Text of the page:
According to the research the environmental damage of unsustainable agricultural activities includes soil erosion, water pollution, commodity-driven deforestation, greenhouse gas emissions, conversion of natural habitats and consequent biodiversity loss.
Elizabeth Mrema, executive secretary, Convention on Biological Diversity: “This report is critically important. Transformative action on incentives and subsidies harmful for biodiversity will be decisive this decade to bend the curve of biodiversity loss. I strongly believe this timely report will help generate the requisite political momentum and contribute to the global biodiversity framework.”
The report highlighted how redirecting, repurposing, or eliminating subsidies could make an important contribution to unlocking the $711 billion required each year to halt and reverse the loss of nature by 2030 as well as the cost of reaching net zero emissions.
It noted that the total value of EHS is likely to be higher than the estimates published in the report, owing to a lack of transparency and disclosure of subsidy flows between governments and recipients.
For example, there is no published estimate of subsidies for hard rock mining, yet 80% of the industry’s activity takes place in five of the six most ecologically diverse biomes.
It also notes the unaccounted-for costs to society from environmental damages caused by subsidised activities can be equal to or much higher than the subsidies themselves.
The report said cross-industry standards and action across all sectors of EHS are needed to accelerate the rate of change and meet mid-century targets. The business case for redirecting and repurposing EHS The destruction of nature threatens business interests, with over half of the world’s total GDP – $44 trillion – moderately or highly dependent on nature.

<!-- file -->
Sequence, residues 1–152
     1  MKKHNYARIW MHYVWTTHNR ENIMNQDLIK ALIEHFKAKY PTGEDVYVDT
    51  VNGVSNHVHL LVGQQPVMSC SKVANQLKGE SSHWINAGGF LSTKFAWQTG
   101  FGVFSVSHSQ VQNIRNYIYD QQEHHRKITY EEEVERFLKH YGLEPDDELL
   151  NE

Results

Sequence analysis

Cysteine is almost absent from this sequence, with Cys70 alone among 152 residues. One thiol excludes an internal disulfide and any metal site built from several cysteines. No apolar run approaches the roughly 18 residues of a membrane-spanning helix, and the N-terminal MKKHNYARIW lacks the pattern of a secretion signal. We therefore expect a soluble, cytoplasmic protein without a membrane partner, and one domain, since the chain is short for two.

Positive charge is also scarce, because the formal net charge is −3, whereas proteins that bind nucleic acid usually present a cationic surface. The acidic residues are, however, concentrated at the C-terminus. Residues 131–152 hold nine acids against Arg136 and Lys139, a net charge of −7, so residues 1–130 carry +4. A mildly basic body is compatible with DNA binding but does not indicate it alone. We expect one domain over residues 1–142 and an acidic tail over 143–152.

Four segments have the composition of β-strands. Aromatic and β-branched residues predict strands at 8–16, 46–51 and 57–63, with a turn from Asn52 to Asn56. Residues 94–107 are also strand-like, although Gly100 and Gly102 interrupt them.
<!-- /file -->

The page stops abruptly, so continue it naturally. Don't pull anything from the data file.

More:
The study argued that EHS create major risks for businesses and investors, including distorting investment patterns and industry cost structures, masking operating or accident risks, and creating competitive barriers to environmental improvements. Whilst not the only recipient of EHS, businesses are a major beneficiary of them, and frequently lobby for continued or increased government support.
Roberto Marques, executive chairman and CEO, Natura &Co, said: “Humanity’s dependency on nature’s ecosystems is not currently reflected in our markets or institutions. As businesses we have an important role to play in catalysing the system change to deliver an equitable, net-zero and nature-positive economy. Together, we must work to realign perverse incentives to bring proper value to nature.”
Eva Zabey, executive director, Business for Nature, said: “The UN Biodiversity Conference is our single best chance to turn the tide of nature loss. An ambitious outcome at COP15 on environmentally harmful subsidies has the potential to reset the rules of our economic and financial systems and would incentivize companies to chase nature positive outcomes.”